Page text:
Great service in a restaurant is about making you feel as though you belong. Some dining establishments have an easier time of this than others. Diners, for instance, would seem the perfect choice to make you feel at home. They are informal, unpretentious, low intensity. But at the palatially elegant L'Escalier, the wait staff manages to treat every customer like a regular -- a regular member of royalty, that is. Dining here is like having your own personal butlers for a few hours. Food is placed on the table, and removed, with the quiet precision of a Swiss -- or Japanese -- watch. A master sommelier advises on wine with the assuredness that you'd like to experience with your stockbroker. Should you retire to the restroom, your chair will be dutifully pulled, your napkin crisply refolded. Service is smooth, sweet, formal, and thoughtful. Most refreshingly, no member of the wait team will ever interrupt your dinner conversation with a chirpy "How is everything?" It is assumed that if anything is needed, you'll let them know. Amazingly, this professional and elegant service is provided without a hint of pretension. Even the best of butlers have a hard time pulling that off.

Local heirloom tomato salad with herbes de Provence: $13.

Sirloin burger with foie gras and black truffles on parmesan bun: $29.

Truffle-braised snapper with Vichy carrots, pea shoots, and pommes croustillantes: $36.

Bottle of DeLille Cellars' Chaleur Estate Meritage, 2000: $140.

Warm upside-down chocolate soufflé with pistachio ice cream: $13.

Dinner at Cafe Boulud when somebody else is picking up the tab: Priceless.

One of Delray Beach's most distinctive dining venues has hooted, tooted, and whistled for the final time. Built to take advantage of a location adjacent to railroad tracks, Hoot offered the Orient Express, an old-fashioned wood-and-tile "dining car" with large, comfy booths, life-sized picture "train windows," and a few choo-choos outside for added ambiance. The menu was a throwback of sorts as well, the juicy Delmonico steak and thick grilled pork chops a welcome antidote to the fussy Florribean fusions of today. Sadly, just as all things must pass, nostalgic replicas of all things must pass too.

After a late night out on the town, it's hard to just say good-bye and go home -- especially when the sun's already well ahead of you. Plus, all that partying creates quite an appetite, and all that alcohol needs something to absorb it -- that is, unless you enjoy a hangover. You could go to Taco Bell; but remember, you're trying to avoid being stuck in the bathroom. You're better off heading over to Sande's Restaurant for a quick bite before you lie down for the day. Open at 6 a.m., Sande's has several breakfast combinations like the number one (two eggs, bacon or sausage, and hotcakes or toast, $3.50), number two (two eggs; bacon, ham or sausage; potatoes or grits; and toast; $4), or the number three (Western omelet with toast, $5.50). For groups, there's the Family Breakfast ($19.50), which includes eight scrambled eggs; home fries, hash browns, or grits; four bacon strips; two sausage patties; two sausage links; two orders of toast; two biscuits; four hotcakes; two French toast slices; and a bowl of sausage gravy. It's sure to soak up whatever alcohol lingers in your beer-drenched belly. While time may be the best cure for a hangover, a little greasy food ain't bad either.
You know you're getting an inferior diner breakfast when you get the toast. It's dry and almost cold. Next to it on the plate are a couple of fresh-from-the-fridge butter patties. At Las Colinas, the bread comes straight from the iron sandwich grill -- la plancha -- with the butter melted inside the crusty Cuban bread. Hot enough to sting your fingers. Then comes the breakfast, an array of egg dishes served with fried potatoes and, the South Florida kickstarter of choice, Cuban café con leche. You can have straight-ahead ham and eggs ($3.50) or a variety of Caribbean-style concoctions. Our favorite is the Desayuno Las Colinas ($4.99, the most expensive item on the breakfast menu), a couple of fried eggs on a thin slice of steak, with a ladle of Creole sauce. The coffee is always piping hot, a little syrupy, and -- watch out -- highly addictive. (Just the coffee and the toast? $1.90.) Las Colinas ("the hills") is owned by Michael Park and his Nicaraguan-born wife, Maria. Opened three years ago, it's Latin-style, with nearly a dozen ceiling fans, wooden chairs and tables, and a stand-alone sandwich station that turns out all those iron-flattened Cuban delights.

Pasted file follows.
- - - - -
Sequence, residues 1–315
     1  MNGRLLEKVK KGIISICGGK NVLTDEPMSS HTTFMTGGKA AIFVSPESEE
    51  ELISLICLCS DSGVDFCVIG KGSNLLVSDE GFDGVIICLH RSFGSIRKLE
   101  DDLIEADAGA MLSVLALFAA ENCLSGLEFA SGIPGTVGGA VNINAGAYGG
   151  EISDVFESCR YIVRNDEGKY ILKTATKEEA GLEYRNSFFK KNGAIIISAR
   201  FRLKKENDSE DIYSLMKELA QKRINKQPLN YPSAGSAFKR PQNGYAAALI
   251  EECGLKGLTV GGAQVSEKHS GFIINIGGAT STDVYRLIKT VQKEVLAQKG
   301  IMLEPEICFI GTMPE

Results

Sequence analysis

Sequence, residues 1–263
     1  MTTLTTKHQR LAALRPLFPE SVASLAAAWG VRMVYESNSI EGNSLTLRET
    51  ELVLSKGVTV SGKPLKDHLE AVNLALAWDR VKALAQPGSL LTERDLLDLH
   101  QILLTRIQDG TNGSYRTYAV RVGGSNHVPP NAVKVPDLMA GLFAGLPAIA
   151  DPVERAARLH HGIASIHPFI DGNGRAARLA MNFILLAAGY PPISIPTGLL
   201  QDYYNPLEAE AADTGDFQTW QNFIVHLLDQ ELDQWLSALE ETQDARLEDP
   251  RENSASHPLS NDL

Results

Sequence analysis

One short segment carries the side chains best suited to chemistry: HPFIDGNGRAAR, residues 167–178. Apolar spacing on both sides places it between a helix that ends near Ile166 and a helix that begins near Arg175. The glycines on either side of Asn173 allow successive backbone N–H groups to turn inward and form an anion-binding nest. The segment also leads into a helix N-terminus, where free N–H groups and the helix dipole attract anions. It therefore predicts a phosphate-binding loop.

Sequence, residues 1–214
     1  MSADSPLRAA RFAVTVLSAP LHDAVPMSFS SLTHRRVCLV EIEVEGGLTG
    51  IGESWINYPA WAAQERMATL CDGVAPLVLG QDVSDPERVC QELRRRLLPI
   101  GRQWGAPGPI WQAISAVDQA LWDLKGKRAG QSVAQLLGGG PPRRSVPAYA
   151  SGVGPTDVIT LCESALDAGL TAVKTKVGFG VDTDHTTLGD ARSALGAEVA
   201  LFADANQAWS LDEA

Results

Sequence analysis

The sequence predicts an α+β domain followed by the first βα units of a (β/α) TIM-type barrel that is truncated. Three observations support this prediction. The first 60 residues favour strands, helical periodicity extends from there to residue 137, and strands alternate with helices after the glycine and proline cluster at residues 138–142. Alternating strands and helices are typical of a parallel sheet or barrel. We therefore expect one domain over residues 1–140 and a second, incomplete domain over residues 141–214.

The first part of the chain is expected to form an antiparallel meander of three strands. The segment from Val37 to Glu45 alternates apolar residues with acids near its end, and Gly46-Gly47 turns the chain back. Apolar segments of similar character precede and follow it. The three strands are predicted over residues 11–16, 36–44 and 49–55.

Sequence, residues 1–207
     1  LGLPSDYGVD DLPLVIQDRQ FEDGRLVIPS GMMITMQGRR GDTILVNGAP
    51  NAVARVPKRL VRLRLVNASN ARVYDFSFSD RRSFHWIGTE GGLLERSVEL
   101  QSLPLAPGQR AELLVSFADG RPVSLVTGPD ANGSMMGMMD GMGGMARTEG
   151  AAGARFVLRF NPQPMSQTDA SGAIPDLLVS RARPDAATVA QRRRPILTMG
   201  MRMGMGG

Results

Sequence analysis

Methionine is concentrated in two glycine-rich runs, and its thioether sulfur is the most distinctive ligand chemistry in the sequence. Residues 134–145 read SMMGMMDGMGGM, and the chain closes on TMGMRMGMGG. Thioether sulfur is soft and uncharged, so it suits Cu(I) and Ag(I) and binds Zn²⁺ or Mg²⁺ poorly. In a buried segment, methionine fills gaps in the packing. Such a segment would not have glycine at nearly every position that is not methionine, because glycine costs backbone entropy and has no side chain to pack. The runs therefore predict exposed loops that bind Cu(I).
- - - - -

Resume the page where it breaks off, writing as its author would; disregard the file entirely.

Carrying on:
Forget the usual mega-brunches, with their prix fixe prices, "whatever"-service, and trips back to the empty salvers. Here in this two-room corner cafe that throbs with highly caffeinated conversation, major hallooing, and some of the wisecrackingest service this side of Rosie on a roll is yet more proof that the gay gene extends to the concept of brunch. On a late Sunday morning, it seems that wise straights have discovered this reasonably priced (average $8 per meal) little secret too. It all works thanks to the sensible kitchen, which turns the usual brunchly ducklings -- taffy-pull pancakes and omelets Firestone could patent -- into swans. The cook even gets the temperature of the food right, dish after dish turning up neither retro-warmed nor colder than winter in Murmansk. Helping it all go down is coffee as fresh as a slap. While eavesdropping on dialogue worthy of Carson on Queer Eye (tables are that close), admire the Liberace-meets-Auntie Mame décor. Rarely has more been better. Typical of brunch, timing is everything, and during peak hours, lines can form faster than a face-lift on Joan Rivers, but be patient -- the waiting ones disappear just as quickly, sucked into this happily spinning vortex of the well-toned and quick-tongued.